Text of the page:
When Bernice McNaughton MBE JP moved from Trinidad to London in 1961, she and friends just wanted to bring Caribbean culture to the west of the capital.

What the 84-year-old, who died of a stroke in July last year after leading an extraordinary life, didn't realise was that she would help start one of London's favourite parties - Notting Hill Carnival .

Born in Port of Spain in 1931, Mrs McNaughton arrived in Shepherd's Bush and worked for nine years with the Foreign Languages Division of the Central Office of Information.

Following a spell living in Fulham , she then moved to Greenford in 1968 and would stay there up until her death.

Trinidad Folk Singers

Bernice McNaughton (left) in 1964 and (right) shortly before her death in 2015

According to husband Danny McNaughton, Bernice founded the Trinidad Folk Singers who would get together with other friends from the Caribbean in the early 1960's and pursue hobbies including singing, art, folk music and painting.

Though there are various accounts of just how, and when, it began, Mr McNaughton said the Trinidad Folk Singers teamed up with other Caribbean communities in west London to start the first official Notting Hill Carnival in 1964.

Steel drums, colourful costumes, guitars and wild celebrations would roam the streets at the event that year, which drew in around 40 people, before expanding to over 100 just one year later.

Even in their 80's Mr and Mrs McNuahgton would still make sure they attended Notting Hill Carnival, and before her death the festival filled Bernice with pride as one of her proudest achievements.

'It is who I am'

Some of the dresses worn at Notting Hill Carnival in 1964

An emotional Mr McNaughton, who met his wife when the pair landed roles in the BBC's St. Matthews Passion - the first production with a black Christ - said: "When she went back she knew it brought people together, she left something that people could come to the community for, and that was very satisfying.

"She was showing the culture of her country and people were enjoying themselves, people didn't give a damn, they said 'it is who I am and I want to dance.'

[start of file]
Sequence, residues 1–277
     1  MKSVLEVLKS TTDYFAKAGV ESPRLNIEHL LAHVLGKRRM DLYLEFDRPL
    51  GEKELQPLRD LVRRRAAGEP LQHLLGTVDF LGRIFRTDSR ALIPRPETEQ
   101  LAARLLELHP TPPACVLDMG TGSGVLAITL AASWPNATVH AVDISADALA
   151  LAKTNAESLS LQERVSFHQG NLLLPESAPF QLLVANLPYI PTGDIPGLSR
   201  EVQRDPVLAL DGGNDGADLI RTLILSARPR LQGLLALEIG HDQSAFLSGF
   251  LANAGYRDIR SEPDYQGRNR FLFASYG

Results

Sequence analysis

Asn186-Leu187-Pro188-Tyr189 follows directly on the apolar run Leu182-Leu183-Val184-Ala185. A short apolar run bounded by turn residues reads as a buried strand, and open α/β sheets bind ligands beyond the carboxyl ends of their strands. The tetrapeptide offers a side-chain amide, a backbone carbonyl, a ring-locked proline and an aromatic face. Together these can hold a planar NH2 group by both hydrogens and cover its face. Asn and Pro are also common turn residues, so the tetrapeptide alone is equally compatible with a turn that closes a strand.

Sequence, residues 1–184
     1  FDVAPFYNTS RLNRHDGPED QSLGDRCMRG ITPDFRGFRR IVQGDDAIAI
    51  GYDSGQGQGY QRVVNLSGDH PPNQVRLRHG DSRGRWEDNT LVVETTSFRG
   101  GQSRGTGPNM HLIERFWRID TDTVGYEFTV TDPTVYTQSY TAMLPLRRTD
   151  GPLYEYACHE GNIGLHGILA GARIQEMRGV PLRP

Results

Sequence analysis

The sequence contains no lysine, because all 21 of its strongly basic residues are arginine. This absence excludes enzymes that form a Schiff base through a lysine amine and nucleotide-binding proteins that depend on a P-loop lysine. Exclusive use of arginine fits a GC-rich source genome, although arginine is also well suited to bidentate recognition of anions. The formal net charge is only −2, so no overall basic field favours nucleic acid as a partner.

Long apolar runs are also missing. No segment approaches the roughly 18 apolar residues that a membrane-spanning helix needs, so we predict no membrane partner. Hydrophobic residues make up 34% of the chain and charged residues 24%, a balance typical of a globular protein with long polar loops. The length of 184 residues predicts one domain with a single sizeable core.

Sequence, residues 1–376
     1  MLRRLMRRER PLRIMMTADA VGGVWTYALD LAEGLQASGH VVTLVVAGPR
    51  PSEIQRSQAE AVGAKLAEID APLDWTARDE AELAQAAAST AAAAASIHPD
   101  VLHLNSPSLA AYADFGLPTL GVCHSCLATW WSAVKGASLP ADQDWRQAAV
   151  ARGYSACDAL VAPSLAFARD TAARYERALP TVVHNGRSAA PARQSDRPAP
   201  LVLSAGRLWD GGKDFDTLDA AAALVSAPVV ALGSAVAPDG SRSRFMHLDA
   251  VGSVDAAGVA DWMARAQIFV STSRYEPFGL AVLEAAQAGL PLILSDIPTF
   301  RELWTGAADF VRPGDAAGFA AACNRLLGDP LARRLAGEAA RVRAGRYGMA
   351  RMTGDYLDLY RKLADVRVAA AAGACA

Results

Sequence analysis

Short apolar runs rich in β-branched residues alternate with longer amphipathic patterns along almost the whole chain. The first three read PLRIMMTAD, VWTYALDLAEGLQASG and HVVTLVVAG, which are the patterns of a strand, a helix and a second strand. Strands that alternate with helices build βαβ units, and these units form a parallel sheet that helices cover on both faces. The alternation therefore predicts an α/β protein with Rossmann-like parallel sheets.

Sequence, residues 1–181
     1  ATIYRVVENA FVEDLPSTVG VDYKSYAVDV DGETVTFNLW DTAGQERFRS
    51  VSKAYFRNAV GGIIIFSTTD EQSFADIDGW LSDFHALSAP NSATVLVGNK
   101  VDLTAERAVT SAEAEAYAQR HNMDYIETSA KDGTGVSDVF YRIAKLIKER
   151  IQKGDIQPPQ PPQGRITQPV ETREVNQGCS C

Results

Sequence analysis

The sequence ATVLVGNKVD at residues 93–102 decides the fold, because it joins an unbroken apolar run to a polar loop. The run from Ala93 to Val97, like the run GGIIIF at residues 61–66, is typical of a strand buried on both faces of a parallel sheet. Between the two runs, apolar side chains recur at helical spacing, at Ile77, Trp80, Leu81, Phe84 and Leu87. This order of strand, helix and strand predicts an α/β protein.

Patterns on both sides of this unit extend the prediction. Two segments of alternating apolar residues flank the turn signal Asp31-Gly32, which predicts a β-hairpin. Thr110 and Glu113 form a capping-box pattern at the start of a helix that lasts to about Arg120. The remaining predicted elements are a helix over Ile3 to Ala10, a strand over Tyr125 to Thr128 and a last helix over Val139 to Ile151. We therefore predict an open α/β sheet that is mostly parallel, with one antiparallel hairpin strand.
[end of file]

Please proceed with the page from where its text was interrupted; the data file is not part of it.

"Everyone was coming, and people even started coming from abroad for the carnival.

"She would still go in her 80's."

'She was very proud of how Ealing was multicultural'

Caribbean communities at Notting Hill Carnival in 1964

Bernice also took on the role of secretary at Unity of Afro-Caribbean People, Southall , and would volunteer within the Ealing community by helping with fostering, adoption and school exclusions.

She also worked as a counsellor for TASHA Foundation, a support service based in Brentford and Ealing , and became a trained mediator on the Management Committee of Ealing Mediation Service.

And in 1988, Bernice became a Magistrate and would sit in the Criminal and Family Courts.

Her voluntary work across the borough earned her an MBE JP in 2007, where she was awarded for services to the community in Greenford.

'She was very proud of how multicultural Ealing was'

Bernice McNaughton (Top row, second in from right)

Since her death, Mr McNaughton says he has been inundated with kind messages from people paying tribute to a woman who, according to one friend "opened her heart to everyone."

Mr McNaughton added: "I miss her sincerely and her kindness, everyone has been what a wonderful person she was.

"She was very proud of how multicultural Ealing was, she loved everyone and there was not a bad bone in her body".

As well as husband Danny, Bernice also left behind son Thomas, 42, who lives in Milton Keynes.